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Even before the 1960s, when young America doused itself in patchouli, lighted up the incense, meditated transcendentally, put on the Nehru jacket, saw “The Jungle Book” and sort of learned the meaning of the word “raga,” India played upon the Western imagination. As Michael Wood points out in “The Story of India,” a dazzling, six-hour BBC series that begins its U.S. run tonight on PBS, it is where Columbus was heading when he ran into a little something we like to call “America.”

Even with India now much in the disquieting news, and at the other end of the phone when a computer goes bad, it remains a faraway country. That is what Wood means to remedy, applying the sort of Big Look Back often applied to Western history -- the glory that was Rome and all that -- to a story both connected to and overwhelmingly independent of our own. As so often is the case -- Rudyard Kipling, Richard Attenborough’s “Gandhi,” “The Jewel in the Crown” -- we’re looking at the nation through a British lens, but Wood, whose earlier “Great Railway Journeys” and “In the Footsteps of Alexander the Great,” is an eager, even besotted guide. If at first he seems like just another Englishman abroad, and the kind of peripatetic narrator so often lampooned by Monty Python, it becomes clear that, though he’s an outsider, India means the world to him.

Although the series, which goes back to the very beginnings of human habitation on the subcontinent, is full of information -- Wood talks on camera or in voiceover pretty much the whole time, except when someone else is talking to him -- it registers mainly as a sensory experience. In the three hours available for preview, there is hardly a minute that isn’t gorgeous, in terms of camerawork or subject matter, to the point that it makes one’s own life seem quite drab.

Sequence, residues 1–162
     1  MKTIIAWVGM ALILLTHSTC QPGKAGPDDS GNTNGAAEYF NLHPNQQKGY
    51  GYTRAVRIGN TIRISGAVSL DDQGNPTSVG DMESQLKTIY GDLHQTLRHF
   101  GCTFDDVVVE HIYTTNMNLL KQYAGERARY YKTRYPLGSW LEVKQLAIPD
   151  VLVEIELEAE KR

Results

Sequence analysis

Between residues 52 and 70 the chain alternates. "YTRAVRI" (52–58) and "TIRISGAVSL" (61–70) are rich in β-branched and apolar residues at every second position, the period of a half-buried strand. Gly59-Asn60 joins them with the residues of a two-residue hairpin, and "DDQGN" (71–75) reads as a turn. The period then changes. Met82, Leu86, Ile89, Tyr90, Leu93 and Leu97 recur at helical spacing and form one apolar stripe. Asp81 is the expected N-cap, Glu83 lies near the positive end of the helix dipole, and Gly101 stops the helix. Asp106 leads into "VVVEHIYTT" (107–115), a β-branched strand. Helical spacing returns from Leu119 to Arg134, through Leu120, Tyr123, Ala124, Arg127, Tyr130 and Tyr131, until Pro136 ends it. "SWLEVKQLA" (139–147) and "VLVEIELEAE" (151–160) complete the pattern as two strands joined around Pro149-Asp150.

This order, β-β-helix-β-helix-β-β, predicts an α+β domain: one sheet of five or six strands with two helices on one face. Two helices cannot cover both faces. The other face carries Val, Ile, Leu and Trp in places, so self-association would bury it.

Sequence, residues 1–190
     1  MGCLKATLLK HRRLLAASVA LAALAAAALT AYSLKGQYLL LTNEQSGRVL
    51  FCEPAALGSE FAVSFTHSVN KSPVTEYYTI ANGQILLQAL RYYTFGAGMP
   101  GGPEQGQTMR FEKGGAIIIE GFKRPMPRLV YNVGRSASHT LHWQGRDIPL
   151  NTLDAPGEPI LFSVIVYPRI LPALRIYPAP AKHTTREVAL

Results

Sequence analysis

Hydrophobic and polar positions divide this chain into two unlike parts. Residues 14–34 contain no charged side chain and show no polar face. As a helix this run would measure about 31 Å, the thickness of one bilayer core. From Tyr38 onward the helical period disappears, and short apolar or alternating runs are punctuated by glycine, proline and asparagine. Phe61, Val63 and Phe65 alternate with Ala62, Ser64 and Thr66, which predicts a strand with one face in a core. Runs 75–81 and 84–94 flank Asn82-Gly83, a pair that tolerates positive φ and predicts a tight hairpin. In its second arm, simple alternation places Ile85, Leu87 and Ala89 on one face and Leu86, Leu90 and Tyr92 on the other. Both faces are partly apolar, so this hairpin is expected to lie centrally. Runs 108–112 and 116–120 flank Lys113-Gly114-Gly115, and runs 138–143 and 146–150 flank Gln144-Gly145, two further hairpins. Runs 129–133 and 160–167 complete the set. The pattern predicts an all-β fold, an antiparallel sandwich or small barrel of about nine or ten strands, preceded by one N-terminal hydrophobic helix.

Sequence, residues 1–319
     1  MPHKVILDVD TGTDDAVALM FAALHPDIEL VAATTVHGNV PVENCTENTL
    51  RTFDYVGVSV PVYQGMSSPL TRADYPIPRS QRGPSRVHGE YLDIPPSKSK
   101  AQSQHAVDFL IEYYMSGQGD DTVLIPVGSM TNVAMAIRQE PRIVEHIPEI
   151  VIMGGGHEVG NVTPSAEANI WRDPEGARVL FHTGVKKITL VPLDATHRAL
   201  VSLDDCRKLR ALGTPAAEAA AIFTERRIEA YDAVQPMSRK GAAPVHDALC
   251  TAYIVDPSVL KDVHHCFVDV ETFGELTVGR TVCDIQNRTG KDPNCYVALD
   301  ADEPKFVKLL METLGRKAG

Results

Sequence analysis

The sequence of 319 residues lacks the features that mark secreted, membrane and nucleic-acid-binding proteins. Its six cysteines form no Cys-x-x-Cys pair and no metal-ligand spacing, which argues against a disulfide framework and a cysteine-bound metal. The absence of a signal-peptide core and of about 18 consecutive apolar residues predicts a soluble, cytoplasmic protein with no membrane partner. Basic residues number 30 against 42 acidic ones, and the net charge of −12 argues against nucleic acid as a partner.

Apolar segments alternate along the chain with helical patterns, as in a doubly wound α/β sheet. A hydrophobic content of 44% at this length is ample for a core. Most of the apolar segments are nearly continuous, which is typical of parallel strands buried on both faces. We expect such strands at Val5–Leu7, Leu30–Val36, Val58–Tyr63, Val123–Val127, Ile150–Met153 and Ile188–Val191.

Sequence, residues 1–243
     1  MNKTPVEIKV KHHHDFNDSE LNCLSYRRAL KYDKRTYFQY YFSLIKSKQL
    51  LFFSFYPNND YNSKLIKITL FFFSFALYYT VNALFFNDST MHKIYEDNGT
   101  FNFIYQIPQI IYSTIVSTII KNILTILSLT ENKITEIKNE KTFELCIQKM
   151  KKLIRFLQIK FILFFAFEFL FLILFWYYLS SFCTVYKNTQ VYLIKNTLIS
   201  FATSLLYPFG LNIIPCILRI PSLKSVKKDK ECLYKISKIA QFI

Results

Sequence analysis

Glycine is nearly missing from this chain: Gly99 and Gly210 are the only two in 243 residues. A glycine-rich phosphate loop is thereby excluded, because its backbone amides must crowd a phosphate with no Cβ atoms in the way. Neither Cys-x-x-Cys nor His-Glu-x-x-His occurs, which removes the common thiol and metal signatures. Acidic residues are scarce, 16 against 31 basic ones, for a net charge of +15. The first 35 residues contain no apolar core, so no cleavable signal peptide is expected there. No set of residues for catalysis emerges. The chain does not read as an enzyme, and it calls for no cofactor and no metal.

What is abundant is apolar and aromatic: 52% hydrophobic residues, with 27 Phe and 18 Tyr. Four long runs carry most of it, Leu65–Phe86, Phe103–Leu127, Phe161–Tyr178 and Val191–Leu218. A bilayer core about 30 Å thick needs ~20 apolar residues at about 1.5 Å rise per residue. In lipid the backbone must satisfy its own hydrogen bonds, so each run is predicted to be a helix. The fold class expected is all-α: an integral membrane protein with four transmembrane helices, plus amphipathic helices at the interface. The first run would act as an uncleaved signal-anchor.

It is a kind of epic of color and pattern, an ode to a country of a blue and an elephant-headed god, of painted temples, peacocks, flowers and habitual self-adornment: The gold the Indians got from ancient Rome for all the Indian things the ancient Romans couldn’t live without -- “We must be mad bankrupting ourself for India,” wrote Pliny -- they used not as currency but for decoration.

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Still, facts get through. Without referring to my notes, I can tell you that what was to become India is where people first went when they walked out of Africa and that everyone in the world who is not purely of African descent has got a little Indian in them. And that however many outside peoples conquered India and however large a mark they made on its already diverse cultures, India was bigger than they were in the end.

And that southern seacoast Indians learned from ancient Roman shipbuilders how to make big, sturdy ships out of wood and that they are still making them today, by sight, without plans. And that Kama means “pleasure.” And that you can still sit where the Buddha sat when he had his great enlightenment, some 400 years before Jesus came along. (So this is where he’s supposed to have sat, says Wood. No, says his guide, this is where he sat.)

What is at the heart of the story for Wood is continuity and simultaneity -- that idea that classical India is alive in current India as part of an unbroken chain and that it exists alongside the modern state in something like amity. (There is nothing much about current political realities or social problems, at least in the first three episodes, which bring us only up to AD 300.)

He is intoxicated by the sights and the smells and the flavors of the place and by a sense of a life both riotous and ordered. Even discussing the caste system, he grows wide-eyed, pointing out to an untouchable whose family is in charge of cremation that, despite his lowly status, “everybody needs you.” The end of the first episode finds him in the midst of a crowd at a religious ritual, being showered in some kind of crushed pigment, turning color and looking like the happiest man on Earth.

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robert.lloyd@latimes.com

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‘The Story of India’

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Where: KCET

When: 9 and 10 tonight

Rating: TV-PG (may be unsuitable for young children).


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